Top tips for minimising risk when carrying out an investigation – Communication, communication, communication….
18th December, 2023
Workplace complaints, particularly those involving serious allegations of misconduct, bullying and harassment and discrimination can be tricky to investigate; navigating complex issues often in highly emotive circumstances.
Making sure that the investigation is carried out effectively, efficiently, objectively and without causing undue additional aggravation is of the utmost priority.
In this third article in the series Caroline Shafar, Partner in our Employment team and expert investigator outlines all of her top tips so far. These are all really important to bear in mind when organisations are faced with investigating workplace issues…
- It needs to be someone who has had training on how to conduct an investigation
- It needs to be someone who is independent to the issues and more senior than the people involved
- It needs to be someone who has the time to do the investigation. This is crucial and probably the single most important piece of advice.
Put yourself in the shoes of the person making a complaint. You have raised a grievance about being bullied at work. The bullying is making you ill. You are stressed, not sleeping and not eating. An investigator is appointed and they tell you that they have a deadline on a project that they are working on and they will try and fit you in to their diary over the next couple of weeks. The meeting does take place, but 3 weeks later. You have a good meeting and start to feel a bit better in the knowledge that something is happening. But you hear nothing for a couple of weeks. Then when asking for an update, you get an out of office in response; the investigator is now off for two weeks. Meaning two more weeks of uncertainty, two more weeks of stress and two more weeks of inaction.
We see cases like this regularly. Oftentimes they result in employees becoming too unwell to work from the overwhelming stress caused. A potentially avoidable scenario if the investigator is able to act promptly and provide peace of mind by demonstrating that they are treating the complaint seriously and working swiftly to reach a conclusion.
Failing to do so will affect your working relationship and can often lead to an increased risk of dissatisfaction in any outcome, and potential Employment Tribunal claims.
Investigations can be complex; multiple complaints with multiple witnesses often spanning a number of years. The scope of the investigation can also change over time as new allegations are raised. Planning is going to be key to ensuring that the investigation is fair and thorough.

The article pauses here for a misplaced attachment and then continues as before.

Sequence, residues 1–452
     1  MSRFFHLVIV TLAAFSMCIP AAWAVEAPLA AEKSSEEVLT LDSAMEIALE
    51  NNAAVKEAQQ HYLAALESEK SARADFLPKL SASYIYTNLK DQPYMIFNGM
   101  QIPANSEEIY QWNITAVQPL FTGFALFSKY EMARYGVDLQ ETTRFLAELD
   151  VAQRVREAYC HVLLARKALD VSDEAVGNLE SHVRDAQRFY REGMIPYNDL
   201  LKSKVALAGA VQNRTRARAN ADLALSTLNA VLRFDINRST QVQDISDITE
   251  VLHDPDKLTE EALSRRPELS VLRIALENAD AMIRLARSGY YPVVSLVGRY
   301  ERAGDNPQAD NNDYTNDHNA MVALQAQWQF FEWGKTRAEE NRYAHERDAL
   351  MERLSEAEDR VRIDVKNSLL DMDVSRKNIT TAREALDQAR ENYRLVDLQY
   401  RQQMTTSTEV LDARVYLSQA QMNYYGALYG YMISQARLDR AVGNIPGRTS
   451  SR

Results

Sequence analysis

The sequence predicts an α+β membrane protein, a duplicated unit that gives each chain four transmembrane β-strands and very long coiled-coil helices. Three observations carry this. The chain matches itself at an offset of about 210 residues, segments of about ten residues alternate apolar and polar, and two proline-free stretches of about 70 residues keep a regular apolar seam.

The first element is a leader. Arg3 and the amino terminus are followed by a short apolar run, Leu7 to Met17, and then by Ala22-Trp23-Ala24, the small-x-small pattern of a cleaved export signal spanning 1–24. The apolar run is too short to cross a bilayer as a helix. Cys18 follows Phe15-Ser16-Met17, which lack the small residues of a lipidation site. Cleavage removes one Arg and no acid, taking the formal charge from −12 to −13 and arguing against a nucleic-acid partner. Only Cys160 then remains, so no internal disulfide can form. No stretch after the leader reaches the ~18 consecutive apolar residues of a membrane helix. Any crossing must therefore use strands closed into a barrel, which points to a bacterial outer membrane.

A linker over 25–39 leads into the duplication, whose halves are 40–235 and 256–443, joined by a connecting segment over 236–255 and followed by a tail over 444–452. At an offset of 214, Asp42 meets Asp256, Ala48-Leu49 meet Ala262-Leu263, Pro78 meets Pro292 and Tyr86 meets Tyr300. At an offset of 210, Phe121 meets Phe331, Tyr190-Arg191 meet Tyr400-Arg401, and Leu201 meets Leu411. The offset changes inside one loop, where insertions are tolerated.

I’d recommend taking the following steps as part of your planning process:
- Step 1 – Make a list of all the allegations that you are investigating. I often put these into a numbered table format. It sounds simple but in a complex case you need to be clear about what it is you are investigating and that you don’t miss anything
- Step 2 – Make a list of the documents that are going to be relevant to the allegations
- Step 3 – Against each allegation, make a list of the witnesses that you think will be helpful to see
- Step 4 – Prepare the questions for each witness before you see them. This will help you ensure that all the issues are covered and will give you structure to the meeting.
Good, thoughtful and meaningful communication is important in any working relationship but especially so when it comes to investigations.
Investigations by their very nature impact on the individuals concerned; whether they are under investigation themselves or if they have raised a grievance about how they are being or have been treated.
In either situation the individual is likely to feel anxious and stressed. It is not uncommon for the individual not to be in work, whether that is because of hybrid working or if they are off sick. This can lead to feelings of being isolated with no visibility over what is happening; whether they are going to face a disciplinary, whether their allegations are even being looked into…
It is therefore crucial that the investigator maintains regular contact with the “accused” and “aggrieved”, updating on the progress of the investigation and likely timeframe for completion. I usually recommend putting a weekly reminder in your diary to send an email out to the individuals concerned with a quick update. This doesn’t need to take more than a couple of minutes to draft but the benefits can be far reaching.
How can we help
At Ward Hadaway we have a team of objective experienced investigators who can provide bespoke, interactive training, to help upskill your team equipping your staff with the tools and knowledge to investigate complaints of any nature.
Our team are also able to carry out investigations on your behalf with the ability to act independently and efficiently to get the bottom of issues without the added emotion or aggravation that can arise when investigating long serving team members or close colleagues. The depth of experienced investigators in our team ensures that we are able to provide someone who can make themselves available to fit in with your timescales.
If you would like to receive more information about training, or if you would like our team to carry out an investigation on your behalf please get in touch with Caroline Shafar or another of our expert investigators.
Please note that this briefing is designed to be informative, not advisory and represents our understanding of English law and practice as at the date indicated. We would always recommend that you should seek specific guidance on any particular legal issue.
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